US gas demand should fall for good after '06 peak
After seven decades of mostly uninterrupted growth, U.S. gasoline demand is at the start of a long-term decline. By 2030, Americans will burn at least 20 percent less gasoline than today, experts say, even as millions of more cars clog the roads.
The country's thirst for gasoline is shrinking as cars and trucks become more fuel-efficient, the government mandates the use of more ethanol and people drive less.
"A combination of demographic change and policy change means the heady days of gasoline growing in the U.S. are over," says Daniel Yergin, chairman of IHS Cambridge Energy Research Associates and author of a Pulitzer Prize-winning history of the oil industry.
This isn't the first time in U.S. history that gasoline demand has fallen, at least temporarily. Drivers typically cut back during recessions, then hit the road again when the economy picks up. Indeed, the Great Recession was the chief reason demand fell sharply in 2008.
But this time looks different. Government and industry officials — including the CEO of Exxon Mobil — say U.S. gasoline demand has peaked for good. It has declined four years in a row and will not reach the 2006 level again, even when the economy fully recovers.
In fact, the ground was shifting before the recession. The 2001 terrorist attacks, the war in Iraq, Hurricane Katrina and pump prices rising to a nationwide average of $3 a gallon for the first time in a generation reignited public debates about the political and economic effects of oil imports and climate change. Also, the popularity of SUVs began to wane, and the government started requiring refiners to blend corn-based ethanol into every gallon of gasoline.
Americans are burning an average of 8.2 million barrels — 344 million gallons — of gasoline per day in 2010, a figure that excludes the ethanol blended into gasoline. That's 8 percent less than at the 2006 peak, according to government data.
The decline is expected to accelerate for several reasons.
— Starting with the 2012 model year, cars will have to hit a higher fuel economy target for the first time since 1990. Each carmaker's fleet must average 30.1 mpg, up from 27.5. By the 2016 model year, that number must rise to 35.5 mpg. And, starting next year, SUVs and minivans, once classified as trucks, will count toward passenger vehicle targets.
— The auto industry is introducing cars that run partially or entirely on electricity, and the federal government is providing billions of dollars in subsidies to increase production and spur sales.
— By 2022, the country's fuel mix must include 36 billion gallons of ethanol and other biofuels, up from 14 billion gallons in 2011. Put another way, biofuels will account for roughly one of every four gallons sold at the pump.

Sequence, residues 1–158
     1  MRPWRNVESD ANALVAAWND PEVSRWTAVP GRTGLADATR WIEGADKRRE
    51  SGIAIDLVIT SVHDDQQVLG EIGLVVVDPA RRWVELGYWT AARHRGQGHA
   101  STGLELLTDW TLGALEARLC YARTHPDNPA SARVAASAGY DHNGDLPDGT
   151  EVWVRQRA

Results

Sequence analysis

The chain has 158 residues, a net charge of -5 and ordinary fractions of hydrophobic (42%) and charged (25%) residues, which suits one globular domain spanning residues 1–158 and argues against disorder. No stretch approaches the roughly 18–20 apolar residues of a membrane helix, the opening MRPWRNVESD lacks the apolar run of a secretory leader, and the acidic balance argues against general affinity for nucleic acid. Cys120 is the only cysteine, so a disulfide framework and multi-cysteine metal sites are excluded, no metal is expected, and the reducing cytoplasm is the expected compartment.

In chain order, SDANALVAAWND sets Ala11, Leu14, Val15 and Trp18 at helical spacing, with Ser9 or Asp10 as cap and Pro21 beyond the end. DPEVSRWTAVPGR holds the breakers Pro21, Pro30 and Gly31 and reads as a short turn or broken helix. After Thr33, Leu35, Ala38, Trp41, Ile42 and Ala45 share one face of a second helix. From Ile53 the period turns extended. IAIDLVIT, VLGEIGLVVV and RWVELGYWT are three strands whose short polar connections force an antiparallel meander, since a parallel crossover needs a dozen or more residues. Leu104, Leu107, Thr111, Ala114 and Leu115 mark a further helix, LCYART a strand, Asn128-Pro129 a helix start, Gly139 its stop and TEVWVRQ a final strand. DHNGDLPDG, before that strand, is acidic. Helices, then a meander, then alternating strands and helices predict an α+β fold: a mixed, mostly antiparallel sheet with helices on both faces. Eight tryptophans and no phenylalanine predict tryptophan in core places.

— Gasoline prices are forecast to stay high as developing economies in Asia and the Middle East use more oil.
There are demographic factors at work, too. Baby boomers will drive less as they age. The surge of women entering the work force and commuting in recent decades has leveled off. And the era of Americans commuting ever farther distances appears to be over. One measure of this, vehicle miles traveled per licensed driver, began to flatten in the middle of the last decade after years of sharp growth.
"People wildly underestimate the effect that all this is going to have" on gasoline demand, says Paul Sankey, an analyst at Deutsche Bank. Sankey predicts by 2030 America will use just 5.4 million barrels a day, the same as in 1969. Aaron Brady, an analyst at CERA, predicts a more modest drop, to 6.6 million barrels a day.
As a result, families will spend less on fuel, the country's dependence on foreign oil will wane and heat-trapping emissions of carbon dioxide will grow more slowly.
The shift from SUVs began in 2004 and has saved Americans $15 billion on gasoline this year, according to the National Resources Defense Council. By 2020, improved fuel economy is expected to lower annual carbon dioxide emissions by 400 billion pounds, the equivalent of taking 32 million cars off the road.
In reality, there will be 27 million more cars on the road — a total of 254 million — a decade from now, according to government projections.
Environmentalists are looking at the trend with a mixture of disbelief and delight. A decade ago they thought demand would continue to grow 1-2 percent a year far into the future.
"Now you look and, wow, we've actually bent the curve," says Roland Hwang, transportation director at the Natural Resources Defense Council.
There are scenarios that, while unlikely, could temporarily upend the long-term trend. If the U.S. economy booms and global oil prices fall, demand for gasoline could rise.
"Sometimes what we think is a structural shift is really just a temporary phase," says Antoine Halff, an analyst at the brokerage firm Newedge. "U.S. demand has rebounded with a vengeance before."
To be sure, America will continue to burn more gasoline than any other country, in total and per capita, for decades to come. China is second in total consumption, but, despite its explosive growth, still uses just half of what the U.S. uses. Canada is second in consumption per capita but is on its own path toward a more fuel-efficient economy.
While America's diminishing demand will temper global demand, it will be more than offset by rapidly growing demand in China, India, the Middle East and Africa. As a result, declining U.S. gasoline demand will not bring lower pump prices.
Worldwide oil demand will hit a record 88.3 million barrels per day next year, according to the consulting firm Wood Mackenzie.
Put simply, "we're entering a period where the U.S. motorist is no longer the king of the road," Yergin says.